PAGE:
Miss Indian Arizona Association cancels 2020-2021 program

Kyle Knox

Gila River Indian News



The COVID-19 pandemic has affected numerous events on the Indian Country calendar including one of Arizona’s most renowned and oldest pageants. The Miss Indian Arizona Association’s (MIAA) Scholarship Program recently announced that their program, scheduled for Oct. 10 at the Chandler Center for the Arts, has been canceled.


Miss Indian Arizona Audriana Mitchell (Colorado River Indian Tribes), First Attendant Amy Spotted Wolf (Tohono O’odham Nation), and Second Attendant Autumn Cooper (Gila River Indian Community) make up the 2019- 2020 court, and typically, their reigns would conclude in October at the next program, which closes out a year of appearances, speaking engagements, parades, and learning experiences.

It was bittersweet for the young women to learn of the program’s cancellation, but the MIAA royalty agreed it was the right decision.


“It was a decision made by the committee, and I agree that it was best to cancel this year’s pageant for the safety of everyone,” said Mitchell.


Cooper, who stated similar sentiments, said, “it was a good decision to cancel this year’s Miss Indian Arizona Scholarship program seeing how Arizona’s spike in positive [COVID-19] cases and wouldn’t want to risk the lives of others.”


As ambassadors, their reign provided ample time to fulfill many activities for the court while representing their home communities.


Mitchell said, “Through my past reign as Miss CRIT, I got to become closer to my community.

When I ran for the title of MIA my only goal was to represent my tribe as best as I could. All of their support has helped me so much, and so I am glad I had the opportunity to represent my tribe at every event I went to.”


Spotted Wolf also mentioned, “When I decided to run for MIA, I had an overwhelming amount of support from back home. I really felt the love! This helped me a lot with my confidence, knowing that others had confidence in me to be a representation of our culture and our people.” The royalty also developed a strong bond during their time together.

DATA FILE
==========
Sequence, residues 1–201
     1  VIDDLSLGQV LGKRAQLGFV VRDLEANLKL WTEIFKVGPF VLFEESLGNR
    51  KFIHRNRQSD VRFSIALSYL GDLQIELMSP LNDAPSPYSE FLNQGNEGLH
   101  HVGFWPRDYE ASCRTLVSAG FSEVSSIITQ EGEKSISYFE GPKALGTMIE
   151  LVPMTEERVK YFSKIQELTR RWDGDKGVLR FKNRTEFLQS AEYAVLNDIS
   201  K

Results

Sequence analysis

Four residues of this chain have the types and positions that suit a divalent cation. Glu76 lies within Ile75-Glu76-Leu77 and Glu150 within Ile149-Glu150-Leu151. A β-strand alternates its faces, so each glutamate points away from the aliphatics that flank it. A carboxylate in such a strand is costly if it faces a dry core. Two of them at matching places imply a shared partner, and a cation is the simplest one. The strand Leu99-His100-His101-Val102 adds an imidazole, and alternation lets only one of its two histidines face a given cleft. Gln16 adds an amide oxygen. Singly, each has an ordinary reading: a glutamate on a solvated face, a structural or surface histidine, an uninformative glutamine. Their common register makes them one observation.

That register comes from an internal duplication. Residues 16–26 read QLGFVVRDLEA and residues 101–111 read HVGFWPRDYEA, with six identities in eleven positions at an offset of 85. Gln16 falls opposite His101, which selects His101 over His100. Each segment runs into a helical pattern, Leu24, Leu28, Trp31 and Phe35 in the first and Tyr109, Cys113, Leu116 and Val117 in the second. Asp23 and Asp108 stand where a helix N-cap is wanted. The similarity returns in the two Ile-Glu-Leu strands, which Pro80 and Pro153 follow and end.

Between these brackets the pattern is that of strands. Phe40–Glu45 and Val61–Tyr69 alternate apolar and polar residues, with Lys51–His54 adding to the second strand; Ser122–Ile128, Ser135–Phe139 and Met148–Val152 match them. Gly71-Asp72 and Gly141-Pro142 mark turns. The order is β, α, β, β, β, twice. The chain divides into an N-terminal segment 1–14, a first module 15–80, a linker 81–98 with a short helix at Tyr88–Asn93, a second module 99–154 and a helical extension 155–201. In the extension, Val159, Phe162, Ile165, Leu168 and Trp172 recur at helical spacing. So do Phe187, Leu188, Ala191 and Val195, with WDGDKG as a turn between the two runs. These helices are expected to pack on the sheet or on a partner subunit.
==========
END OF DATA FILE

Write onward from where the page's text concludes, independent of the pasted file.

Spotted Wolf shared, “I am very appreciative of Audriana because she would always make an effort to include and invite Autumn and me to represent the state of Arizona right by her side.”

There was even a nickname given to them the night they won. Cooper said, “When we were awarded the 2019- 2020 MIA court, one of our sash-siblings gave us the name, ‘the Triple A’s’ for Audriana, Amy, and Autumn, and that’s pretty cool.”


With the chance to extend her term, Mitchell decided not to retain her title for an additional year as Miss Indian Arizona. In a brief statement, Mitchell said, “No one could have predicted that we would have to face a global pandemic that would affect us in many ways. I feel like I have completed what I had initially set out to do when I first ran for this title. Now I would like to give that opportunity to one of my attendants.”


The current first and second attendants are the candidates for the title. Miss Indian Arizona Association Executive Director Denise Homer said, “The decision as to who will take on the title of Miss Indian Arizona 2020-21 will not be made until the August 1 meeting of the Miss Indian Arizona Association (MIAA).”


Although there is uncertainty for the new titleholders, Homer is optimistic for the upcoming program.

“MIAA members are looking at the possibility of a scaled-back program during the 2020-21 season. Fewer public appearances, more social media activity, and most important keeping everyone involved in the Miss Indian Arizona program as safe as possible by wearing masks, staying home, and social distancing,” said Homer.


Until the next court is declared, all three women will continue to pursue their own goals in education and their careers. Mitchell will focus on her education, work and her commitment to Native youth. Spotted Wolf looks forward to student-teaching at the beginning of 2021. Cooper will be completing her general studies and is grateful to be working in the Gila River Indian Community.


For more information visit missindianarizona. com. and search ‘Miss Indian Arizona’ on Facebook.